Sen. James Lankford (R-Okla.) is apologizing to his constituents for his decision to object to President-elect Joe Biden’s Electoral College win amid the Capitol riots.
Lankford found himself under fire from black voters after building goodwill with minority communities in his state following his attempt to challenge ballots cast in battleground states. Many minority voters saw Lankford’s attempts as casting doubt on voters in cities with large numbers of black Americans.
In a letter addressed to his “friends in North Tulsa,” the site of the worst incident of racial violence in American history, the senator asked for forgiveness.
The Tulsa World’s Randy Krehbiel reports:
His decision to raise issues about the presidential election in several key states — most of them with large African American populations — hurt and angered many Tulsans, however, with some leaders saying he should resign or be removed from the 1921 Tulsa Race Massacre Centennial Commission.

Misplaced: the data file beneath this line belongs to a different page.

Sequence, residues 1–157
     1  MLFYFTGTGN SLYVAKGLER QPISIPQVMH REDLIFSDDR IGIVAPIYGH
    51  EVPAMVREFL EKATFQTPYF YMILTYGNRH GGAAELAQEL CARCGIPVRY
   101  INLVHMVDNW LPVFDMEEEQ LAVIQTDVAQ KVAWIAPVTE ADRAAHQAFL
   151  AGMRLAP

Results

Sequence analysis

“What I did not realize was all of the national conversation about states like Georgia, Pennsylvania, and Michigan, was seen as casting doubt on the validity of votes coming out of predominantly Black communities like Atlanta, Philadelphia, and Detroit,” he wrote.
“After decades of fighting for voting rights, many Black friends in Oklahoma saw this as a direct attack on their right to vote, for their vote to matter, and even a belief that their votes made an election in our country illegitimate.
“I can assure you,” he said, “my intent to give a voice to Oklahomans who had questions was never also an intent to diminish the voice of any Black American.